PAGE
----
O'Connell's Munster career ended at the conclusion of the 2014/15 season when he was released a year early from his contract with the IRFU to sign with Toulon. However, due to a serious hamstring injury suffered against France at that year's World Cup, O'Connell never played for the French side. Confirmation of his retirement from the game came in early 2016.
In 2018, O'Connell moved into coaching, joining Stade Francais but stayed there for just a season. He is now Ireland forwards coach, a role he took up before the 2021 Six Nations.
The Tipperary man left Munster in 2017 to join French side Racing 92. He's twice been a Champions Cup runner-up during his time in Paris. Recent reports suggest that his time with Racing 92 may be up. Though, the 37-year-old has been linked with other French sides.
The backrow retired from rugby at the end of the 2011/12 season due to a knee injury picked up in a World Cup warm-up game against England the previous year.
He now works as Chief Commercial Officer for construction industry firm i3PT.
The Corkman left Munster at the end of the 2013/14 season and joined Pau. He spent three years as a player with the French side before moving into coaching. After two years as a coach with Pau, he moved to Provence. Coughlan is now lineout and defence coach with Top 14 side Brive.
The hooker retired from rugby in 2019 aged 31 after 10 years playing for Munster.
"The prospect of possibly picking up another contract was something I was very much pursuing but the longer it went on, the more I realised my body was telling me to stop," he explained.
"I've ignored existing injuries for a long time, but I can no longer do so. The maintenance involved in just being able to train let alone play has taken its toll on my body these last couple of years. I would love to continue playing but I simply can't anymore. I feel I'm physically incapable of getting back to my best and I want to be healthy for my young children."
He now works for Waystone and was a coach with Garryowen last year. He also works as a pundit with TG4.
Wian du Preez
The South African left Munster in 2013, initially returning home to South Africa. He signed for Lyon later that year and spent three years with the French side. Aged 33, he retired from rugby in 2016 and became a financial advisor.
The tighthead prop is now in his 12th season with Munster. In late 2019, the Corkman became the 11th player to reach 200 appearances for the province. He recently overtook Marcus Horan as he moved into fifth on the all-time Munster caps list.
Due to a hip injury, the Tipperary man was forced into retirement a year after the final aged 30.
He went on to work with Rockwell College, Garryowen in the AIL and Munster underage teams. He was also part of the backroom team when the Tipp hurlers won the 2016 All-Ireland title.
Leamy joined Leinster as their elite player development officer in October 2019. In January, he joined the Ireland U20 coaching team.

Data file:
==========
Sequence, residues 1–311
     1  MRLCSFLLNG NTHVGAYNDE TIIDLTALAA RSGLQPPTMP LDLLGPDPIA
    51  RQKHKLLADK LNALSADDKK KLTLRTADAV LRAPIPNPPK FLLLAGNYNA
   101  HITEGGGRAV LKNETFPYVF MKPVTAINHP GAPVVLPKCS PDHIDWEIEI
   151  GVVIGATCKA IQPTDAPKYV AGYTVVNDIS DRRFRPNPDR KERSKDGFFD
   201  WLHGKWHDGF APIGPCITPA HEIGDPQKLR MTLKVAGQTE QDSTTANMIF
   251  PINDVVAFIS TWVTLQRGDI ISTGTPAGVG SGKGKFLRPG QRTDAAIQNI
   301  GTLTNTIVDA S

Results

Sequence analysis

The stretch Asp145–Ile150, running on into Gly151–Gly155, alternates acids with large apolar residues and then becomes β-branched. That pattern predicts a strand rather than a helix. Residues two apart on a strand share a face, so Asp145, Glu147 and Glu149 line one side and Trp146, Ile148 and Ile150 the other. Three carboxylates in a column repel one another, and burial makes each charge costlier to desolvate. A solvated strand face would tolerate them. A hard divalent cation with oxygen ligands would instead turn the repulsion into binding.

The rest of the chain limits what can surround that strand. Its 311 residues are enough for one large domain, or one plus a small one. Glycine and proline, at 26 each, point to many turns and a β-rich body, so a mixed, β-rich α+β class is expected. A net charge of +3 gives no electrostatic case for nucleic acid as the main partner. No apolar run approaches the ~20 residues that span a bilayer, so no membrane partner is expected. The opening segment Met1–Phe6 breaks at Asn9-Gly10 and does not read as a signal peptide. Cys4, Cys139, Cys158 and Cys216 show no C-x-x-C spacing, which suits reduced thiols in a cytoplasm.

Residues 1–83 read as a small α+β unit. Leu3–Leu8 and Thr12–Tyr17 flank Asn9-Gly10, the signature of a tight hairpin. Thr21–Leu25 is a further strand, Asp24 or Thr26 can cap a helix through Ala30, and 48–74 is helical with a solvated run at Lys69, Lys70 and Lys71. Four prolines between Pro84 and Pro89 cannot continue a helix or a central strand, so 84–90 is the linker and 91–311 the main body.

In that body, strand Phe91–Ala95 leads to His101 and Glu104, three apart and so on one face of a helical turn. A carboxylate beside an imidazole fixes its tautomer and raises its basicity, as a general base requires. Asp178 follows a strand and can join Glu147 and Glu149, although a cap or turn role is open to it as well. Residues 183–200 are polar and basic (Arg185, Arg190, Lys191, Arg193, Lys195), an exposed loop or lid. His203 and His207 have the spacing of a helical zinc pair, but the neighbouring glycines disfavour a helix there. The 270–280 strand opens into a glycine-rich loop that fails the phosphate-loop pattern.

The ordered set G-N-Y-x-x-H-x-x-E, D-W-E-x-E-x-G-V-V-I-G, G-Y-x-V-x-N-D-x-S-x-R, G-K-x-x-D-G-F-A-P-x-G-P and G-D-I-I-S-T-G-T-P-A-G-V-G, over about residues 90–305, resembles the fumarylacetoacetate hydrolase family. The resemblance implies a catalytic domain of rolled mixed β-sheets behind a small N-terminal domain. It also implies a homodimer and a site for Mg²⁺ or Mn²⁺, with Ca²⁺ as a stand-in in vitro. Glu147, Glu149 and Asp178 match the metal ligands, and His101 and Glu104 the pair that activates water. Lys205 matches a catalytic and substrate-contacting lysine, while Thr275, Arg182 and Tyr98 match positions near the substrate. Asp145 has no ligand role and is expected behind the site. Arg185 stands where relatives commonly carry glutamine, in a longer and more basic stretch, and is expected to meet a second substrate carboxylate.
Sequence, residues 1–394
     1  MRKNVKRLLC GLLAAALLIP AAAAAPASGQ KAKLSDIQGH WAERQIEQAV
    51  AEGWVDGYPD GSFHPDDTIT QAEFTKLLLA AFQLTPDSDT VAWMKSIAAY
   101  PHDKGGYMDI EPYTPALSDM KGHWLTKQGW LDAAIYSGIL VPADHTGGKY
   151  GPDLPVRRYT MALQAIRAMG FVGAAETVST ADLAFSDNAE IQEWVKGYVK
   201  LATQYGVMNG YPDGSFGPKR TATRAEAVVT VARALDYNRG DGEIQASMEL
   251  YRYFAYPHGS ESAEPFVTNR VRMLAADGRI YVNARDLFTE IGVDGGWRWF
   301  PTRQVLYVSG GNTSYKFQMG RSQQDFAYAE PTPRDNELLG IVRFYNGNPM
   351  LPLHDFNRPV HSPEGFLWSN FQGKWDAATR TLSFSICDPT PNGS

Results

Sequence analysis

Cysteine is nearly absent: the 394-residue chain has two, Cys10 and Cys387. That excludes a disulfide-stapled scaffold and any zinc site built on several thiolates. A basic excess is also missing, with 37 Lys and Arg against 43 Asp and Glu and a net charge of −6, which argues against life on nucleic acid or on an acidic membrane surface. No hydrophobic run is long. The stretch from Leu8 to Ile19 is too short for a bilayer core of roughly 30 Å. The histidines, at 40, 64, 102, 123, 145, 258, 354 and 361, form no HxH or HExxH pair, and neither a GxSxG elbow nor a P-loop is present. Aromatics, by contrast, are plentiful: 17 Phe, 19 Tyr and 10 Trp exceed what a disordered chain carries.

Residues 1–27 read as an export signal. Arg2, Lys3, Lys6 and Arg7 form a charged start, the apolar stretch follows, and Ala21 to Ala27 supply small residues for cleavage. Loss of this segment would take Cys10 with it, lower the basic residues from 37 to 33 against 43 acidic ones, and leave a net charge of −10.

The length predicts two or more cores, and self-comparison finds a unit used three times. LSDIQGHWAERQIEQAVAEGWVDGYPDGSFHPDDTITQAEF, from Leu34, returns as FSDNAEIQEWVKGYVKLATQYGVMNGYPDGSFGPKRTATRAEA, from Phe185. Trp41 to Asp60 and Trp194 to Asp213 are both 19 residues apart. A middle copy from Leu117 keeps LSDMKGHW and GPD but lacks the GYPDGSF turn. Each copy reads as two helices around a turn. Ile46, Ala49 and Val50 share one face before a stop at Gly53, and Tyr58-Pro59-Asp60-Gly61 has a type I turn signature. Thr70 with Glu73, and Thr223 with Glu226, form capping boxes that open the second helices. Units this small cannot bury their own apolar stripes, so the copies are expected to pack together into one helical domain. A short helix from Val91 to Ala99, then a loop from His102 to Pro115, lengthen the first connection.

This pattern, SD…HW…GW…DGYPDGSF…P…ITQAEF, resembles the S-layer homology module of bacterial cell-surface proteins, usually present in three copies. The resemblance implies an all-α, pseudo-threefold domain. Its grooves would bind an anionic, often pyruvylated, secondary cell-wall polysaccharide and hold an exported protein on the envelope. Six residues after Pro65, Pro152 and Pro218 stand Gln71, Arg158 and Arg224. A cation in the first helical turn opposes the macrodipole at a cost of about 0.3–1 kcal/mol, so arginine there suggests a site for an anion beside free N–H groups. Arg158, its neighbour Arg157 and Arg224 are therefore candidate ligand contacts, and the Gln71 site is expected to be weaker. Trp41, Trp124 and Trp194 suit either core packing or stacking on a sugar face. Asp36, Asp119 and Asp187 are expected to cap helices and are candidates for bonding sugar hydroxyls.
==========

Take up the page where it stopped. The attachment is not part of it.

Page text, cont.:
The backrow was forced to retire from rugby in April 2014 due to a knee injury sustained during a Munster training session the previous October.
19 February 2017; Niall Ronan of St Colmcilles in action during the All-Ireland Intermediate Club Football Championship final. Photo by Eóin Noonan/Sportsfile
Ronan subsequently completed a degree in strength and conditioning. He founded Titan Wellness in 2015, a company which runs health and well-being programmes for organisations.
He is also the strength and conditioning coach for the Meath footballers. In 2016, he won a Meath IFC title with St Colmcilles and dedicated the victory to former Munster teammate Anthony Foley who had died a week previous. Colmcilles lost the 2017 All-Ireland IFC final to Westport.
The scrum-half's final game for Munster came in 2011 against Ulster. Later that year, he went on loan to Saracens and then to Newcastle. He joined Bath in 2013, Sale in 2015 and Worcester for the 2017/18 season where he played alongside Donncha O'Callaghan.
Aged 40, Stringer retired from rugby in 2018.
The game was Warwick's last appearance for Munster. The Australian left for Stade Francais that summer. He spent two years in Paris before joining Worcester for the 2013/14 season. Aged 33, he was forced to retire from rugby in May 2014 due to a neck injury.
Warwick spent a year as part of the coaching staff at Worcester after which he returned to Australia where he now works as a PE teacher in his native Brisbane.
After five seasons with Munster, the Kildare man retired from rugby in 2015 aged 30.
He is now head coach of Newbridge College and Sales and Rugby Director of PSA Academies.
Tony McGahan (Head coach)
The Australian left Munster at the end of the following season to become defence coach for the Wallabies. In 2013, he was appointed head coach of Super Rugby side Melbourne Rebels. He joined the Queensland Reds as assistant coach in 2017.